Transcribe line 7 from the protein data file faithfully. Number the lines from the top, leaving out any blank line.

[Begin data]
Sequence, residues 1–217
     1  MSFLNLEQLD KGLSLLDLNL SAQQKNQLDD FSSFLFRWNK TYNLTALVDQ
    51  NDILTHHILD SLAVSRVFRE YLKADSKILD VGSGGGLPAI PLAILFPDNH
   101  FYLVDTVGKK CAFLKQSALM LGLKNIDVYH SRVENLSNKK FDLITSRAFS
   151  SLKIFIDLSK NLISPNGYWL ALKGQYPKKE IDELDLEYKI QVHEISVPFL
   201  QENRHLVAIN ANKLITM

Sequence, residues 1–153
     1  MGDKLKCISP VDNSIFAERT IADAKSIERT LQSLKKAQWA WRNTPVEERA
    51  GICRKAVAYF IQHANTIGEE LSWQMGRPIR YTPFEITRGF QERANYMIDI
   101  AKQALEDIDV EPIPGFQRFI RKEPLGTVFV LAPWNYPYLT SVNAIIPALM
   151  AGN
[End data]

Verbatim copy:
Sequence, residues 1–153